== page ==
Linked by Thom Holwerda on Tue 24th Mar 2009 23:26 UTC, submitted by inkslinger
Internet Explorer Recently, Microsoft released Internet Explorer 8, which boasted much better standards compliance than previous iterations of the browser. While it passed the Acid2 test, IE8 failed miserably in the Acid3 test, and many people criticised Microsoft for it. Microsoft Australia's Nick Hodge has stated that Microsoft purposefully decided not to support Acid3, because the test tests against draft standards.
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RE[2]: MS is only partially right
by werpu on Wed 25th Mar 2009 14:18 UTC in reply to "RE: MS is only partially right"
werpu
Member since:
2006-01-18

[q]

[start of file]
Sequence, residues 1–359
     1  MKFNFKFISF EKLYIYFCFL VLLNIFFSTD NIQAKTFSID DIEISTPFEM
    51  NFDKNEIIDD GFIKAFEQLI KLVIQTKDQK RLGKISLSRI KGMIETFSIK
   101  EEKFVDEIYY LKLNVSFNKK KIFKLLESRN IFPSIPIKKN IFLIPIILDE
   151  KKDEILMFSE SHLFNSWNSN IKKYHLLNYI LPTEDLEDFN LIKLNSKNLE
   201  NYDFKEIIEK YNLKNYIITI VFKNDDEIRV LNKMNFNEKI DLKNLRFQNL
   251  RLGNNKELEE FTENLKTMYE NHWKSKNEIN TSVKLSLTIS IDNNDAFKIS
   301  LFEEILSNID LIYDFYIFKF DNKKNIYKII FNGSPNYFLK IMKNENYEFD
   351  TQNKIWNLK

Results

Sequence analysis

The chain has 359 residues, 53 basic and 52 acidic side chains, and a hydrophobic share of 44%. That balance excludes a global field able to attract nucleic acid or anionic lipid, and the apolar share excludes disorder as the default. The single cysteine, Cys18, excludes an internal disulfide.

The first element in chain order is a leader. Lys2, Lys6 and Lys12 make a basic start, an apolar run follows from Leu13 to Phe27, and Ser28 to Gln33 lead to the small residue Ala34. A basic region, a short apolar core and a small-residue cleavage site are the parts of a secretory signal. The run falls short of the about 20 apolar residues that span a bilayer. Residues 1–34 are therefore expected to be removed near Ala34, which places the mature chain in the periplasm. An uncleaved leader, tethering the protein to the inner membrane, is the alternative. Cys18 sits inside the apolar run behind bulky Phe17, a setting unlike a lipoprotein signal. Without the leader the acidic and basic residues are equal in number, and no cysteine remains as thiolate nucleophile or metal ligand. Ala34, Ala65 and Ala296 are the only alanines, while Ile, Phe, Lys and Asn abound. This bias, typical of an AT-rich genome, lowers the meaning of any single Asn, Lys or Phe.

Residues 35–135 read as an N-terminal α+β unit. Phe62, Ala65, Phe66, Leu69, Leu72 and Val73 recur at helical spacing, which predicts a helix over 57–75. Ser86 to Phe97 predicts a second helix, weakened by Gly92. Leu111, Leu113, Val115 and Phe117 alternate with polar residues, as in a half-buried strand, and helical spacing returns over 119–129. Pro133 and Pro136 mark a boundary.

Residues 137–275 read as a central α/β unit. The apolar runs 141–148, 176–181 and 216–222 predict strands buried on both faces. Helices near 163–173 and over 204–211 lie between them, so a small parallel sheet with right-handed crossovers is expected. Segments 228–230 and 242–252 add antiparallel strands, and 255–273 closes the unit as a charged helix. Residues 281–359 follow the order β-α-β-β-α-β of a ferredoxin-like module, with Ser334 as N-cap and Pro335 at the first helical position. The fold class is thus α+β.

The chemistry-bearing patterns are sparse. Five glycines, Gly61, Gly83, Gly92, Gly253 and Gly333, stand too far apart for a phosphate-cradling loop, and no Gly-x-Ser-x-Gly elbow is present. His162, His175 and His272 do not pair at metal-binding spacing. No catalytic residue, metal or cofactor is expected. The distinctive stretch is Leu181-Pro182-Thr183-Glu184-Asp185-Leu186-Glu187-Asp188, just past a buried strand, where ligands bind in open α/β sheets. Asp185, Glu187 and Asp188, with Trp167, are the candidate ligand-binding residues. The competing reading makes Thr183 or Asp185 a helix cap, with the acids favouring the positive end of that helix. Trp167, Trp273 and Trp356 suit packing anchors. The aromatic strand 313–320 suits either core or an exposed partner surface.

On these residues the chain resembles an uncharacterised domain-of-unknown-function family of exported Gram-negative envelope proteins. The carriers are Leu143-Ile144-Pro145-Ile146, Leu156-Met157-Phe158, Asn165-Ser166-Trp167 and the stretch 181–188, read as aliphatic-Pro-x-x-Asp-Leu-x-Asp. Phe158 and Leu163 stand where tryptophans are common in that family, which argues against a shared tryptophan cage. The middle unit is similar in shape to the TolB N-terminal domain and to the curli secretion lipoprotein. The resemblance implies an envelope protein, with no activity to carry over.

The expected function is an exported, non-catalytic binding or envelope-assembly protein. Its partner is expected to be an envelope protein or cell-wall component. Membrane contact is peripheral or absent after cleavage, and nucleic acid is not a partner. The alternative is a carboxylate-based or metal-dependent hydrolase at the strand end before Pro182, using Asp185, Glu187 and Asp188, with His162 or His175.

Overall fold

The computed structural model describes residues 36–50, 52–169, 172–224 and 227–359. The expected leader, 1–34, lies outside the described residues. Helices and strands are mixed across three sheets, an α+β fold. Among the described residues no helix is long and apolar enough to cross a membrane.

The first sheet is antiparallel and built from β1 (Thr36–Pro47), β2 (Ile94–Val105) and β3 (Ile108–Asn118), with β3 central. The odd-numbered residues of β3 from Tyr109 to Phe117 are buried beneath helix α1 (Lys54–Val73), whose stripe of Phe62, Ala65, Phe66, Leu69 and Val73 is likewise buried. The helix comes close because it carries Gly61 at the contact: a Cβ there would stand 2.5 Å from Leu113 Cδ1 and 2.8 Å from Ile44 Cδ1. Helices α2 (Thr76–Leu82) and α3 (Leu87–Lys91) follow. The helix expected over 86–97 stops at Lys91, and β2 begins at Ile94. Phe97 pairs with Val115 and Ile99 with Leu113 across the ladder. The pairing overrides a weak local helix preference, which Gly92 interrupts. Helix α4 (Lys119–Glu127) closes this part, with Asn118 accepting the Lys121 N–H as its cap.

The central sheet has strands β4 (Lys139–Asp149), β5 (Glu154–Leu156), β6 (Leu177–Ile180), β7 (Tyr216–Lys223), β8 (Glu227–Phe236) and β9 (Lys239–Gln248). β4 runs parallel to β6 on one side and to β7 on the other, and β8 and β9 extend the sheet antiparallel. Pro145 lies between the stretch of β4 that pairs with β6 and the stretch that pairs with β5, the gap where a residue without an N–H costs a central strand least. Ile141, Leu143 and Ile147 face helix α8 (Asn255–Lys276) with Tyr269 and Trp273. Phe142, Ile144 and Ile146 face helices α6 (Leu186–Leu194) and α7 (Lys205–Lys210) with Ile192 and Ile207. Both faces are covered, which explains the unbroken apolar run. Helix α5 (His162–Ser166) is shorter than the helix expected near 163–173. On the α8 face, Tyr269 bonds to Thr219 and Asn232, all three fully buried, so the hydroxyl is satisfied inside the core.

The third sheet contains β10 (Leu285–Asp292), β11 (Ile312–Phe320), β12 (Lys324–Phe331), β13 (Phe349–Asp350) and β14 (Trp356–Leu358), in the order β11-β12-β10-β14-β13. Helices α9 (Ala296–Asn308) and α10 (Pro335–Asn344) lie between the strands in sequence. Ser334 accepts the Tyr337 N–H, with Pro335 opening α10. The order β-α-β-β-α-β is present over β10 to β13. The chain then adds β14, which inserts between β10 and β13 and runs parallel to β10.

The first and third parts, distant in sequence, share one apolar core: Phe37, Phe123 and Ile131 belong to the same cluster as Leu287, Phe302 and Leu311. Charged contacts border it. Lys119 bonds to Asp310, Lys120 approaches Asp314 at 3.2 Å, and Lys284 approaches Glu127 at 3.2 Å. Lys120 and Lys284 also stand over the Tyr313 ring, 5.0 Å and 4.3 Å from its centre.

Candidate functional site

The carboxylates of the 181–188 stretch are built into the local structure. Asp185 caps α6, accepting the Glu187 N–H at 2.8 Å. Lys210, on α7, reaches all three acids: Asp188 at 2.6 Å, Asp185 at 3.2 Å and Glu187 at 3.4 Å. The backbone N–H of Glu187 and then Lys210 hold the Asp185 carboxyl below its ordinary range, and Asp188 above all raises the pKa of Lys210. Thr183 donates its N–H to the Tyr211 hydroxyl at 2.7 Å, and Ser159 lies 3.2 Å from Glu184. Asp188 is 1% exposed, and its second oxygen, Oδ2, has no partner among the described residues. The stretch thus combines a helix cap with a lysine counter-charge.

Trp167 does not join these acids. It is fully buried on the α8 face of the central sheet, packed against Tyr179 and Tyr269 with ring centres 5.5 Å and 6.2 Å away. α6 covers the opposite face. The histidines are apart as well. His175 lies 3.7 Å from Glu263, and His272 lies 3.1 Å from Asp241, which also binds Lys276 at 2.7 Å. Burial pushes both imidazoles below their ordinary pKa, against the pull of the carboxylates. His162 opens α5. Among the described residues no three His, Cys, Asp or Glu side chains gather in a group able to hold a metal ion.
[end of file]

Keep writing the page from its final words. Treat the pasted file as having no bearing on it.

I think this is a very positive sign that MS is finally treating it's position as market leader responsibly. They are conforming preciesly to the published standards of the W3C and no more. This leaves the W3C free to make ammendments to their draft standards that won't conflict with the most widely deployed implementation.

This is the exact opposite of the old, infamous "embrace, extend, extinguish" policy of the early days of the web.

I would applaud that attitude if they really followed it. The biggest gripe since the standardisation it was even worse than ignoring png until ie7 was the non implementation of SVG in IE.
As I said Microsoft was able to fork an incompatible clone of it for Silverlight, but yet they are not able to implement the proper W3C standard for the IE! The same goes for a load of other finalized standards tested in ACID3. The funny thing is that history seems to repeat itself with EcmaScript4. Everybody wants to integrate it into the browsers. Microsoft does not!

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